NME - October 5, 1985

Crime & The City Solution - London Electric Screen

They get thinner by the week, these Saturday night audiences at the Electric. I can only put it down to the embalming fluid in the Red Stripe. Crime & the City Solution? But of course! Some bright spark had come up with the solution of rounding up all the city's suspected carriers of contagious malnutrition in one spot. C&CS cultivate this sort of under-the counter-culture drabness - Slime, Grit and Pollution, this was no joyride.

Here's my twopenn'orth of comparison between C&CS and their celebrated forebears. If the Birthday Party were theatre, with Nick Cave putting the Ham back into Hamlet (the Donald Wolfit of pop, as ever was), then C&CS are Atraud goes to Memphis; a confrontational but rigorously Method-ical grapple with the blues, tackling it like scientists vivisecting a dying form, applying scalpel and electrode to the wound.

Musically, C&CS range from a cheerless plod through the mudflats of hell to occasional outbursts of charged-up inspiration, the more disparate the ingredients the better - especially Rowland Howard's guitar, sounding alternatively like a power drill or someone banging on the pipes in the next cell but one. Sometimes playing entirely at tangent from the rest of the band, he uses guitar almost as Allen Ravenstein used synth in Pere Ubu; a distracting, unsettling counterpoint. Epic Soundtracks drummed on a kit that included some severely mutilated cymbals, with a direct but detached, weirdly muter approach that would make him a natural for the improvising fringe.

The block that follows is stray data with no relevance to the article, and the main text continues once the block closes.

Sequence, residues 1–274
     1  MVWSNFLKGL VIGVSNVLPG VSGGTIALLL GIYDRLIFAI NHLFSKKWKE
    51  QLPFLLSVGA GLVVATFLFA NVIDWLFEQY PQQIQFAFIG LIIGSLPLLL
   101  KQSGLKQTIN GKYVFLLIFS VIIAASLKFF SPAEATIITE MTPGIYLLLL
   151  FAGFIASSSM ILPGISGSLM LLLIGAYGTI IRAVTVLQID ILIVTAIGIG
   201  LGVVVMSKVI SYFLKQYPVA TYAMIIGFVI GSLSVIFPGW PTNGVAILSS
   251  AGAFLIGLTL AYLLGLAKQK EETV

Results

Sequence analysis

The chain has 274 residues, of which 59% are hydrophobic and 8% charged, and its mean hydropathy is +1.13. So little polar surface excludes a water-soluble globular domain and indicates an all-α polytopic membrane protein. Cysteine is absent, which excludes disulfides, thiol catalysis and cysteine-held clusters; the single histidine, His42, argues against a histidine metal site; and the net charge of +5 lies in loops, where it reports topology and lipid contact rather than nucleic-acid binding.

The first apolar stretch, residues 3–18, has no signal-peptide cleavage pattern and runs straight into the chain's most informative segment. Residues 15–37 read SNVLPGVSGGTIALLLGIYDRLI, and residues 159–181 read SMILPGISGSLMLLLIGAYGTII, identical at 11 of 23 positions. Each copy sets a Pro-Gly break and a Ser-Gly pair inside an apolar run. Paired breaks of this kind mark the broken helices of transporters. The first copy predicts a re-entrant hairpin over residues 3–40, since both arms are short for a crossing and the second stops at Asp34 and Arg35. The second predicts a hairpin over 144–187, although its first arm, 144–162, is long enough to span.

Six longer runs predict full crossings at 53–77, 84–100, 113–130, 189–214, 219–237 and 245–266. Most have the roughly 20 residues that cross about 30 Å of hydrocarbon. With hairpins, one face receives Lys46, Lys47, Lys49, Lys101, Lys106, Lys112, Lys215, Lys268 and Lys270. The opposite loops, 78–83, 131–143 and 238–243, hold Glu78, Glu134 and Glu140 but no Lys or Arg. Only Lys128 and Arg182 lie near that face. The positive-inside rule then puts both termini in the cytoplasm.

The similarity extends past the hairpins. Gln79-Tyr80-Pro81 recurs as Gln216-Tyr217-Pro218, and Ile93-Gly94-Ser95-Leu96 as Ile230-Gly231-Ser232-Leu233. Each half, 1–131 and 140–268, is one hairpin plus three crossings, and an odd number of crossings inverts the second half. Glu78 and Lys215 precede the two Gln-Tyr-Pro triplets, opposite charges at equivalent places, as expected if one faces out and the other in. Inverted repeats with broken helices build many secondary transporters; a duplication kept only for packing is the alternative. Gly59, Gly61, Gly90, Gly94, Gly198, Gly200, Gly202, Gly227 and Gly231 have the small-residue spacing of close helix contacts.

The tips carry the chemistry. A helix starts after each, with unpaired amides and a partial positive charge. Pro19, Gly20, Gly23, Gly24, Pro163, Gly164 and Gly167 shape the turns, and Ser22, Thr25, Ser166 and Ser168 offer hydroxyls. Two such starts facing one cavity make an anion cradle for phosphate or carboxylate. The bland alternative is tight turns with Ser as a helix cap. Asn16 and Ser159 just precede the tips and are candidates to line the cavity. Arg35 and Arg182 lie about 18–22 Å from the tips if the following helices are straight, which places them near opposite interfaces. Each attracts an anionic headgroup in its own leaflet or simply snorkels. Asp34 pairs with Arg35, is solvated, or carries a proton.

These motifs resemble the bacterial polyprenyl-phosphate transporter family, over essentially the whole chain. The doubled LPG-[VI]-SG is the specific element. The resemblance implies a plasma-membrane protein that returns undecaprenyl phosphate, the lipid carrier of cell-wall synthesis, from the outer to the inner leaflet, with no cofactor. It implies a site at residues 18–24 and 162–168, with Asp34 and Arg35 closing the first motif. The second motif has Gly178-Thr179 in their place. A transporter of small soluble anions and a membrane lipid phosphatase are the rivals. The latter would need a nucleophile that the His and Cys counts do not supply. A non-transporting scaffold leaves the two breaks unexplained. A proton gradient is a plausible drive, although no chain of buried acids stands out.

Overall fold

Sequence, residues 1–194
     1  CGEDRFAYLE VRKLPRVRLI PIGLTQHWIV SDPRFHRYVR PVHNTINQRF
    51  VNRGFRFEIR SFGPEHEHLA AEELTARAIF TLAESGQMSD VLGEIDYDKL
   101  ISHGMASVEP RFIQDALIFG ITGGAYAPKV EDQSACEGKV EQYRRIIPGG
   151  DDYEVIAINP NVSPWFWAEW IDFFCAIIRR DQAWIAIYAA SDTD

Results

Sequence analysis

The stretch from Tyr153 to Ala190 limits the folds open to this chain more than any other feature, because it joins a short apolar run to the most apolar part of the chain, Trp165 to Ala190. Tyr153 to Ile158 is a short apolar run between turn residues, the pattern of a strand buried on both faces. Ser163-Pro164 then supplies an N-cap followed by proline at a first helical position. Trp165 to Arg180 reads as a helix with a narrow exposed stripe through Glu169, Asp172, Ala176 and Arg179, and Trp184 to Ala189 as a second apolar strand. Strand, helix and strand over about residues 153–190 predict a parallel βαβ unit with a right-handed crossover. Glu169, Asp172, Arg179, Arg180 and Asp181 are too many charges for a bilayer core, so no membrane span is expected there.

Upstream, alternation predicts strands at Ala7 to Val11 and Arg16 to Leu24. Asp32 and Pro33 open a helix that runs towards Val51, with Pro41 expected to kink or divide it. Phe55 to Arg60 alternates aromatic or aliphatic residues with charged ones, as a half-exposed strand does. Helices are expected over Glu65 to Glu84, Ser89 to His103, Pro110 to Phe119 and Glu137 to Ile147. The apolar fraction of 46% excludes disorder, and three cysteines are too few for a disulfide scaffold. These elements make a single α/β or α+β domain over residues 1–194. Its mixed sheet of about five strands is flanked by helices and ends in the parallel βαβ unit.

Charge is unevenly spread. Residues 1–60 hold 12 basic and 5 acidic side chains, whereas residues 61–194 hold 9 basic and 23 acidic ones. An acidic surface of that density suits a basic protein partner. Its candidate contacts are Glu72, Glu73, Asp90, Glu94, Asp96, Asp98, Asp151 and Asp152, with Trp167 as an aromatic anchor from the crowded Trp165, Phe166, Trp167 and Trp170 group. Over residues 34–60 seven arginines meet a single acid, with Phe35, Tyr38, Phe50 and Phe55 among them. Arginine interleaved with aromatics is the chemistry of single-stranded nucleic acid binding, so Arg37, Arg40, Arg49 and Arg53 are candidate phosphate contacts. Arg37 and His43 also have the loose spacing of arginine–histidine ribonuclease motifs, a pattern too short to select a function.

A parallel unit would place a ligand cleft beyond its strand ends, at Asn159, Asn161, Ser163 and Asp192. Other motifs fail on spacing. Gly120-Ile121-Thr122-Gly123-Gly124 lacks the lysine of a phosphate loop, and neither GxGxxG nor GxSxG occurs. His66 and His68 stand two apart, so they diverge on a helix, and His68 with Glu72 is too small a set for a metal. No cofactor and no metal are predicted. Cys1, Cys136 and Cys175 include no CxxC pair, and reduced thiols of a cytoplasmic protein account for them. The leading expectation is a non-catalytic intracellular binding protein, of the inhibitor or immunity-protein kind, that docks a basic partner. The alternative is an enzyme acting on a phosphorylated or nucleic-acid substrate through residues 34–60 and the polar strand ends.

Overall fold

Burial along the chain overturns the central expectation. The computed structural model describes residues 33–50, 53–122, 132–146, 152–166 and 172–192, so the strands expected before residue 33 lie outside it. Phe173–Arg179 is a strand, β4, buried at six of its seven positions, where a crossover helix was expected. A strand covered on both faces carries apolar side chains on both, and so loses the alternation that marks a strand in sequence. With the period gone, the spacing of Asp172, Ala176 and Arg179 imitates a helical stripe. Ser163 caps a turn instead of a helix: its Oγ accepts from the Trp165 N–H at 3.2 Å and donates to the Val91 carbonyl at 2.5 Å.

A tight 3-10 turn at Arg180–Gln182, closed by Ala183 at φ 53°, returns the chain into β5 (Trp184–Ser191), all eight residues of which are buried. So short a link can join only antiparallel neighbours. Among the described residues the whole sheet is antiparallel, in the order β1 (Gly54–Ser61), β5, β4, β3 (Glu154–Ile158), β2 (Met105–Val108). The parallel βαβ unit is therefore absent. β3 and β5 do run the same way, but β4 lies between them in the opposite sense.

Problem of problems: the thicker the blues, the sharper the edge of the voice you need. C&CS are swamp-booted because Simon Bonney opts for a Jim-Morrison-as-Leadbelly voice, heart full o' pain, mouth full o' coals. The music could be offset by some acting, but he has his heart set on being AUTHENTIC, and it doesn't work. He's too introspective, gazing up at the paint peeling off the ceiling or peering into his own armpit. He could be Andrew Eldritch for all that mattered.

"Show some life!" heckled some wit, and although that's missing the point, maybe he wasn't that far off. C&CS tend to the deathly: now, if they could crack a smile and attend to some of life's ironies, they could be really great.

- Jonathan Romney
(transcribed by Cat)